Ariel Rigney Chases Higher Purposes

“There are a lot of things I can’t change,” says Ariel Rigney. “There’s nothing I can do on a personal level to make any significant impact on climate change, for example. So it’s really easy to feel powerless.”

Ariel Rigney. Courtesy

But powerlessness is learned—and it can be unlearned. That became clear to Rigney when she lost her leg 15 years ago in a car accident and faced the daunting task of reimagining her life. She’s developed the habit of breaking down overwhelming challenges into manageable steps that, over time, can add up to big achievements.

That’s the principle Rigney is applying to her current test: climbing the 19,347-foot summit of Cotopaxi as a member of the Range of Motion Project (ROMP) Elite Team.

“I’m really nervous about my ability to get there,” she laughs. “I don’t consider myself an elite athlete at all. I have asthma. I have some knee injuries. I’ve never done anything at an altitude even remotely approaching this.”

Like all the amputees on ROMP’s Elite Team, Rigney is making the ascent to raise money for amputees who lack access to prosthetic devices and care. That’s a mountainous problem in and of itself, as an estimated 95 percent of the world’s amputees are unable to obtain prosthetic limbs of any kind. “They’re not just in the lower class of society,” says Rigney. “They’re a forgotten class. In most cases they can’t work, they can’t socialize, they can’t have families. They may not even be able to get to the shower.”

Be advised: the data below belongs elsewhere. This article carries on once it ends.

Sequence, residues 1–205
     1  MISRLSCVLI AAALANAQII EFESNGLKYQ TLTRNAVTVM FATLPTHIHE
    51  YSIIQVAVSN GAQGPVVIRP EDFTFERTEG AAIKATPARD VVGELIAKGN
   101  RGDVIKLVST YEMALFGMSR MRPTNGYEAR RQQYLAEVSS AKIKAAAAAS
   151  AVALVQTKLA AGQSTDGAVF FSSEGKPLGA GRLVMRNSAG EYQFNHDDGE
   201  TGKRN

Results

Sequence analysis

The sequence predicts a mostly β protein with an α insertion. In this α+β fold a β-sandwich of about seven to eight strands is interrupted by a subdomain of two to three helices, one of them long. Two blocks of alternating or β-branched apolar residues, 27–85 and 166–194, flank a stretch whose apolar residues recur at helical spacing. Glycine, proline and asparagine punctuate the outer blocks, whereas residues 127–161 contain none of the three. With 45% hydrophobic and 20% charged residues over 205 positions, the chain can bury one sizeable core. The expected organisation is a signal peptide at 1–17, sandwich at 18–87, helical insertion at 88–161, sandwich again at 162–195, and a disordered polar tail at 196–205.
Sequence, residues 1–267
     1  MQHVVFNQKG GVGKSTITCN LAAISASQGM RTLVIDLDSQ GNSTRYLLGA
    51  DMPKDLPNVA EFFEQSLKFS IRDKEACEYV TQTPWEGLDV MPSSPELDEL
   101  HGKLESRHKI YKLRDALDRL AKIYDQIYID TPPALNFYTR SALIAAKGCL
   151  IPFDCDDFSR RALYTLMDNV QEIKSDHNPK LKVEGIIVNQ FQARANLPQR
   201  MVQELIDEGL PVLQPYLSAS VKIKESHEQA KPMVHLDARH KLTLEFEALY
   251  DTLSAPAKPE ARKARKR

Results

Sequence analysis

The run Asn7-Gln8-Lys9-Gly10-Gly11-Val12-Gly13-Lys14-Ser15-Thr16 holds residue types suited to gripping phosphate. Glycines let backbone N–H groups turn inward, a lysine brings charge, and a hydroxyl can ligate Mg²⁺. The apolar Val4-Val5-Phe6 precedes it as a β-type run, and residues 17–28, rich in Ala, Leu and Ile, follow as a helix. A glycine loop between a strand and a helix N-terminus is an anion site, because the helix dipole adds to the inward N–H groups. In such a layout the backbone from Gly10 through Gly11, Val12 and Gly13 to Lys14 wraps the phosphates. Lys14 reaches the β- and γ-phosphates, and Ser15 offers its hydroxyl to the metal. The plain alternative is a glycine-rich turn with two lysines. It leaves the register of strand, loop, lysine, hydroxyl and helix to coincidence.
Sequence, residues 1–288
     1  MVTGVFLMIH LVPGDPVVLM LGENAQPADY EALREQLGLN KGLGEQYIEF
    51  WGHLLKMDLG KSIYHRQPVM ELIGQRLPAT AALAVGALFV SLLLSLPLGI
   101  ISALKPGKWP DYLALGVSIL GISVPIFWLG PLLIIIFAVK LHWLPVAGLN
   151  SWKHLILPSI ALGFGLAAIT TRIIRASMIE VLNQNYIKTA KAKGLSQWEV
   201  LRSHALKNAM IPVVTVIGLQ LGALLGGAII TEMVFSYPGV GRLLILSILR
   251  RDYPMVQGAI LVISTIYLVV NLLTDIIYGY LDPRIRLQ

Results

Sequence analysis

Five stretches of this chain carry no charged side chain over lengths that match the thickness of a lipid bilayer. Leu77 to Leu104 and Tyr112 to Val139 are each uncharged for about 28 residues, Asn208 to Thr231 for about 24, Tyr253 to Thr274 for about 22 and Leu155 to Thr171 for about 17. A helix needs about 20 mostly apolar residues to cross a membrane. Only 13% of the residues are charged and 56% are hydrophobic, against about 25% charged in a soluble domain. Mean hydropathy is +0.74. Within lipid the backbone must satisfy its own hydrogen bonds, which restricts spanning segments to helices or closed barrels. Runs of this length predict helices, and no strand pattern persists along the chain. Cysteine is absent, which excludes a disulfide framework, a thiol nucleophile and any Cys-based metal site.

The Cotopaxi climb provides Rigney—and every donor who supports the Elite Team—with a way to take action and make a meaningful impact, one small step at a time. With every foot of altitude she gains toward the summit, she’s accruing funds that can change people’s lives.

“There’s an amputee somewhere right now who’s stuck in their bed because they don’t have a leg,” Rigney says. “All they want to do is make a cup of coffee and carry it to the kitchen table, but they can’t. If there’s something I can do to make that possible for one person, that’s more power than I could imagine wielding almost anywhere else in my life.”

Initiated in 2015, the Cotopaxi climb is ROMP’s biggest annual fundraiser, generating about $100,000 in donations every year. Last year’s event had to be postponed because of COVID, making the 2021 Cotopaxi climb especially important—and reminding all that mobility can never be taken for granted.

Rigney knows firsthand that physical activity can have a profound impact on a person’s recovery from limb loss. That’s why she’s not backing down from the challenge, however steep it might appear. “It might feel useless to throw a $5 donation at this overwhelming problem,” she says. “But that’s not how I look at it. I can’t change the whole world, but I can change one person’s life. To me, that means it’s worth it.”

To throw your support behind Rigney, make a contribution at her fundraising page. Or you can support Elite Team as a whole by visiting the Climbing for ROMP online donation portal.

More articles about the ROMP Elite Team

Caitlin Conner Rocks the Rex Factor, September 16, 2020
Colton Carlson Hates Shortcuts, September 23, 2020
A Potent New Pairing for Team Amputee, February 17, 2021
Climbing Cotopaxi With ROMP, May 20, 2020

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